Romney’s Choice Makes It Clear: This Ain’t Your Grandpa’s GOP

The GOP presumptive nominee Mitt Romney says that Wisconsin Representative Paul Ryan is the guy who is willing to “make the tough decisions”.  Many of us can respect someone who is willing to analyse a situation (in which everyone has at least one opinion) and make a decision that could be unpopular. Quite often it appears that politicians on both sides of the aisle are completely content to kick the can of fiscal discipline and rational decision-making down the road. So, let’s see what tough decisions Ryan has been willing to make during his nearly 13 years in congress.

We’ll skip over his votes in support of the Troubled Asset Relief Program (TARP) and the General Motors bailout. Why? Not because the Tea Party faction of the GOP seems to want to distance themselves from bailouts but because, typical of the GOP, Ryan was for it before he was against it.

OK. He’s allowed to flip flop change his mind. But actual laws with Ryan’s name on them don’t amount to anything more than renaming a post office and lending support to his bowhunting hobby by changing the tax charged for arrows. You can’t make this shit up. Now that is how you earn a government salary for life!

That doesn’t mean Ryan hasn’t made an impact. With 59 votes in support of anything that can be seen as a contributing factor to the “War on Women,” Ryan can legislate morality with the worst best of them. When it comes to women’s reproductive health, Ryan can always be counted on to cast his vote against women. He doesn’t discriminate: those women can be women who need contraceptives. Women who deal with domestic violence. Women who have been raped. You know, equal opportunity and equal outcome legislation.

Ryan’s budget, “The Path to Prosperity,” is, in sum, an economic roadmap. Ryan has stated that we have a moral obligation to prevent a national debt crisis, and it seems $5.3 trillion in spending cuts would pave the way to fiscal health.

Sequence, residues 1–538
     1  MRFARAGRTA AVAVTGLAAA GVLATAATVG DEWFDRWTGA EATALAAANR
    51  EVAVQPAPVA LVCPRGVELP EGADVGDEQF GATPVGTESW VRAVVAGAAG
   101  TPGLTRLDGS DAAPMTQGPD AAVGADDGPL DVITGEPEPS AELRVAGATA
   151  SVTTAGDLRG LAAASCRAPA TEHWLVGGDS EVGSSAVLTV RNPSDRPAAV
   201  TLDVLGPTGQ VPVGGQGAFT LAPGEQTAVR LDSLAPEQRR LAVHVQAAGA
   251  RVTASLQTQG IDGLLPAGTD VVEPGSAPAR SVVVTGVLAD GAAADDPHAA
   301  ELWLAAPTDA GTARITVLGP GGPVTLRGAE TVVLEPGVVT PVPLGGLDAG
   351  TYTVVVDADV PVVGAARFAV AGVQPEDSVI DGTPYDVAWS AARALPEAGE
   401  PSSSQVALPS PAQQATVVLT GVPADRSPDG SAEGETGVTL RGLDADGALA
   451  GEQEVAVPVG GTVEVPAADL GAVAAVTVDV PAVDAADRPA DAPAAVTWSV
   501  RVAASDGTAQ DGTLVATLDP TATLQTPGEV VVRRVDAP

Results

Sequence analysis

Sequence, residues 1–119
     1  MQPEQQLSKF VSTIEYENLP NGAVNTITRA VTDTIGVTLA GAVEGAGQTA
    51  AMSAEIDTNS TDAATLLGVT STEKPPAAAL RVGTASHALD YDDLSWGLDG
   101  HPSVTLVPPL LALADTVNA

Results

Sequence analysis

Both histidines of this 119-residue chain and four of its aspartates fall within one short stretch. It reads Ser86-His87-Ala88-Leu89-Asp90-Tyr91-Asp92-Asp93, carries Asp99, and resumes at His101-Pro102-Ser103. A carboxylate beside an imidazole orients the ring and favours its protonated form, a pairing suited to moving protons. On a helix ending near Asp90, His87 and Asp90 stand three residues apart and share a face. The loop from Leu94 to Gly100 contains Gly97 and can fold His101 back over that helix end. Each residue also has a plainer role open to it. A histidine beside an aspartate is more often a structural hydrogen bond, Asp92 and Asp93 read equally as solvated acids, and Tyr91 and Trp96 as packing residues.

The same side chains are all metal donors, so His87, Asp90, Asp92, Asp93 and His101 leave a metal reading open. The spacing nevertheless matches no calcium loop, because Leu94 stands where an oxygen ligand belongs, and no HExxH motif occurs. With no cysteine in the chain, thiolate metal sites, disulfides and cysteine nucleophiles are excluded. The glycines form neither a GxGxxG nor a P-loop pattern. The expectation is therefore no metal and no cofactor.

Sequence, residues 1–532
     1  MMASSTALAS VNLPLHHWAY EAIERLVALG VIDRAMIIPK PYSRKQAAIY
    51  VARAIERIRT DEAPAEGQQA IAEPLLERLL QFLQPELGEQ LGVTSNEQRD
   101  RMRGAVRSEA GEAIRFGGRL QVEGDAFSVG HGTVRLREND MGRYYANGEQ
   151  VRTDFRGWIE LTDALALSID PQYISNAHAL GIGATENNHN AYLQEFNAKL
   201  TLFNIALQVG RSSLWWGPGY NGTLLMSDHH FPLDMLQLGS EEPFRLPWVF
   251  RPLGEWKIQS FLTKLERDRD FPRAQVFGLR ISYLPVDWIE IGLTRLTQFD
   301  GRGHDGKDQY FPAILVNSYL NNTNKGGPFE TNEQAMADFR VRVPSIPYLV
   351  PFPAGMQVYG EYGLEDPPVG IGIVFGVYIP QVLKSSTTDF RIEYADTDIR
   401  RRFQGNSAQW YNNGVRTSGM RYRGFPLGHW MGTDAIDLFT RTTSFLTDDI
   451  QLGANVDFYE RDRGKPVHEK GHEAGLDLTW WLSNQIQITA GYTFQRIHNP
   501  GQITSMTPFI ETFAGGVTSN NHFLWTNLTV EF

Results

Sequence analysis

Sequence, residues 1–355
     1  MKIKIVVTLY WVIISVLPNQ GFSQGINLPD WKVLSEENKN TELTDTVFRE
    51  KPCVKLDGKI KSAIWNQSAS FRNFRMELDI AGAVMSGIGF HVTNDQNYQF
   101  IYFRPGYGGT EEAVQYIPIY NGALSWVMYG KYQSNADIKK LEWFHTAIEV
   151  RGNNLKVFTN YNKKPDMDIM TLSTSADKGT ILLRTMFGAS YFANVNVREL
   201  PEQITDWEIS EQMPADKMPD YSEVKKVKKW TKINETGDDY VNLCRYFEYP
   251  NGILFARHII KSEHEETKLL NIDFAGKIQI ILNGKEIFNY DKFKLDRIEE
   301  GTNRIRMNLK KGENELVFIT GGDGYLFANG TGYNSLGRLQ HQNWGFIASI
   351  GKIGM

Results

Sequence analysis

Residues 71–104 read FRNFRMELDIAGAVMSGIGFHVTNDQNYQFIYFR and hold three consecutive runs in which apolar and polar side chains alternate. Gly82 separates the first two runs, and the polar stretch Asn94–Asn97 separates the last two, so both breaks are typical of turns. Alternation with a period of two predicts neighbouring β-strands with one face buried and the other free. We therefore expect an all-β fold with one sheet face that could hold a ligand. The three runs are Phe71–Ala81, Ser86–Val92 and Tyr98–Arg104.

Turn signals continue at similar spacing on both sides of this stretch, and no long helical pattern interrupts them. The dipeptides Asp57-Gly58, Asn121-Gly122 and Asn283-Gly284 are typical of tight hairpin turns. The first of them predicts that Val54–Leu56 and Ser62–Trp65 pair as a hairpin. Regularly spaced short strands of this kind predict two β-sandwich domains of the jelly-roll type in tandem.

But when he talks about the path to prosperity, whose prosperity is he talking about? The proposed 25% reduction in taxes for the top tax bracket should provide an answer. The roadmap is a path for the few at the top at the expense of everyone at the bottom. The funny thing with trying to stand on “moral” ground is that people will eventually check to see if one’s actions match one’s words.

Paul Ryan penned one of the most, if not the most, extreme right-wing budgets ever proposed in Congress. He, and by extension Mitt Romney, wants to dismantle Medicare, privatise Social Security, and cut taxes for millionaires while raising taxes on the middle class. So much for taking care of ‘the least among us‘ as his Catholic faith teaches. Smells more like the ‘up yours’ religion of Ayn Rand.

President Eisenhower said,

“Should any political party attempt to abolish social security, unemployment insurance, and eliminate labor laws and farm programs, you would not hear of that party again in our political history. There is a tiny splinter group, of course, that believes you can do these things. Among them are H. L. Hunt (you possibly know his background), a few other Texas oil millionaires, and an occasional politician or business man from other areas. Their number is negligible and they are stupid.”

We’re already dealing with the lasting effects left in the rubble and ruins created by at least one Texas millionaire (Bush). Now Mitt Romney expects us to get comfortable with a “leader” whose attitude is ‘Suck it. I got mine. You figure out how to get yours.’ Paul Ryan received Social Security survivors benefit payments upon the death of his father, which he used to finance his college education. It’s nice that he could put socialism to work for himself before deciding that it should be privatised.

As noted on the site, the Ryan Budget would:

  • Raise taxes on 18 million hardworking low-income families while cutting taxes for millionaires and big corporations.
  • Push the families of 2 million children into poverty.
  • Kick 8 million people off food stamps and 30 million off health care.

You know…tax increases for those who cannot afford it and tax decreases for those who can. And it doesn’t matter if his plan would result in an additional $2- 3 trillion piled on to the very same deficit we have a “moral obligation” to decrease.

Dude, how effed up do you have to be to get a bunch of nuns and nearly 60 other prominent religious leaders and theologians pissed off at you?

The message is clear:  The poor and middle class do not matter to the GOP.

Father Thomas Kelly asked a simple question — and we have yet to receive an answer, satisfactory or not:


The answer to Father Kelly’s question is simple. If we’re not a corporation or part of the 1%, they don’t care about us.

Slash and burn proposals for Social Security and destruction of the real job creator, the middle class, makes it clear that Eisenhower is gone — and this ain’t your grandpa’s GOP.